I’m fortunate where I live there is much emphasis placed on the importance of not smoking. It certainly doesn’t mean no one smokes, but in my practice population, the number of parents and caregivers who smoke seems to be decreasing every year.
And so when I have a parent in the office carrying the smell of smoke, I’m typically caught off guard because again, I’m just not used to it. Most who smoke do already understand the personal hazards in smoking but I think some overlook the true perils of second-hand smoke.
What I typically do is discuss some of the more specific numbers and facts surrounding second-hand smoke hoping that might inspire the individual from rethinking the desire to smoke. Now I realize I might not change things right then and there but I do hope the discussion plants a seed where the parent or caregiver realizes the harm that can come the way of those they live with.
So for any of my fellow DailyStrength members who smoke or know someone who smokes (which is about everyone else), here are some of the statistics I share:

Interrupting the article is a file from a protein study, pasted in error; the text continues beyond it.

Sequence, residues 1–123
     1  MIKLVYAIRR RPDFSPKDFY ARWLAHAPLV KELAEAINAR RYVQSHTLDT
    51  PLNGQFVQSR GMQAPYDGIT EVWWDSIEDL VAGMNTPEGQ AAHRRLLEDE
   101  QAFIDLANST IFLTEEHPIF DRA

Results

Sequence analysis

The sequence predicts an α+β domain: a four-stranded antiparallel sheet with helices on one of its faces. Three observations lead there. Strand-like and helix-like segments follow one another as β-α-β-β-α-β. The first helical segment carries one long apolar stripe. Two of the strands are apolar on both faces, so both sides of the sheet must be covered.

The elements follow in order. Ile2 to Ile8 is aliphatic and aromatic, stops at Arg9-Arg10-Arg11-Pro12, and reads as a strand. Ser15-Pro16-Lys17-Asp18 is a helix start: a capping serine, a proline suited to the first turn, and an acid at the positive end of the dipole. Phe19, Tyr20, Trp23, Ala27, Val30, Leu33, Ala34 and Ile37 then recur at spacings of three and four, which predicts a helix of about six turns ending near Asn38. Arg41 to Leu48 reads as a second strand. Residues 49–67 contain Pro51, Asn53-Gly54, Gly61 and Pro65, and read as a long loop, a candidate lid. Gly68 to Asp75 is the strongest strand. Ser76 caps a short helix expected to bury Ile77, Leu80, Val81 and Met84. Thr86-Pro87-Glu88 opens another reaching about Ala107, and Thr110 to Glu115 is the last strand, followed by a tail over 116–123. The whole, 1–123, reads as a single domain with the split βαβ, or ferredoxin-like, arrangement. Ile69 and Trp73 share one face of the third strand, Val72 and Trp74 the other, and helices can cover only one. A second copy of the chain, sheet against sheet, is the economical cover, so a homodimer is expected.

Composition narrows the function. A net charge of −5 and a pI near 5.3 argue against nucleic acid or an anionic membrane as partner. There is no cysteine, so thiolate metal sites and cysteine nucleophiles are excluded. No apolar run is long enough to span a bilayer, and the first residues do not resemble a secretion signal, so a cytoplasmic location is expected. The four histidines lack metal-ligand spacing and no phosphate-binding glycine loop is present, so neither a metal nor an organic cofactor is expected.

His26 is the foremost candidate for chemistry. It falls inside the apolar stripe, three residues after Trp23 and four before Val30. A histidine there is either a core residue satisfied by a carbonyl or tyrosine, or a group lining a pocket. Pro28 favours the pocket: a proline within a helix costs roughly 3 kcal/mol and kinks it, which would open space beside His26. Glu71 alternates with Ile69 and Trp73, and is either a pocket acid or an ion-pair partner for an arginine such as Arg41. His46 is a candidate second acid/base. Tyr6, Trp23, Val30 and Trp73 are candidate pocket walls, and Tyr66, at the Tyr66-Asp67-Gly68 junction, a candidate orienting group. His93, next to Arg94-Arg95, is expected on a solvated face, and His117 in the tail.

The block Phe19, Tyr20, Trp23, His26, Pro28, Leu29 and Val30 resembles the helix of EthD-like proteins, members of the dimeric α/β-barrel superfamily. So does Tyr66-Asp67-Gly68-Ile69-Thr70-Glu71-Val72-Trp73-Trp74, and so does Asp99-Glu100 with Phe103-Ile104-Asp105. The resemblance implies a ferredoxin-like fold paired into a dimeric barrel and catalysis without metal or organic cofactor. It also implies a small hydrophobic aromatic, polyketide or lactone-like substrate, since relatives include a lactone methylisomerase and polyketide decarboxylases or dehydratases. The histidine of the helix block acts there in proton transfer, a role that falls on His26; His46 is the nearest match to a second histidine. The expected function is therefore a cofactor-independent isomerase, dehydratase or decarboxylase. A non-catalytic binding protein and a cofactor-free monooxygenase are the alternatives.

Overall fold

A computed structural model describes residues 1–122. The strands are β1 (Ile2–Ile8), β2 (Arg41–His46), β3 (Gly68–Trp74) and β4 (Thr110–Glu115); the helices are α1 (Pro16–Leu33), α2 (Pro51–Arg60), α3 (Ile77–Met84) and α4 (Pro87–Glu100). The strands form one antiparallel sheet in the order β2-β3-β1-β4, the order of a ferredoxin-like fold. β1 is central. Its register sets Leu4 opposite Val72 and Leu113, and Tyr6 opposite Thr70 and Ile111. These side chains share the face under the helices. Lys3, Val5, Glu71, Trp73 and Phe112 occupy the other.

- Second-hand smoke consists of approximately 4,000 chemicals with more than 250 known to be toxic or cancer causing. So any time children are exposed to smoke (whether it be from a cigarette, pipe, cigar), they are being exposed to cancer causing agents.
- Second-hand smoke causes about 3,000 deaths from lung cancer and thousands upon thousands of deaths from heart disease in nonsmoking adults in the U.S. each and every year.
- Respiratory or breathing issues (particularly with those have asthma), ear infections, colds, and tooth decay all occur more often in children who are exposed to second-hand smoke.
- More specifically, the respiratory issues (e.g. wheezing, pneumonia, bronchitis) in the developing child can lead to persistent and life-long lung problems.
- Now for the pregnant mother who smokes or who is exposed to smoke during her pregnancy, the health issues to the baby that may follow include miscarriage, a premature delivery and/or smaller than typical size baby at time of delivery. In infancy, there is an increased risk of sudden infant death syndrome (SIDS) and in the toddler years, learning issues such as ADHD may appear.
- Children of smokers are more often themselves to smoke.
And the best way to reduce the risk of all of these above-mentioned consequences? Quit.
- Dr. Jeremy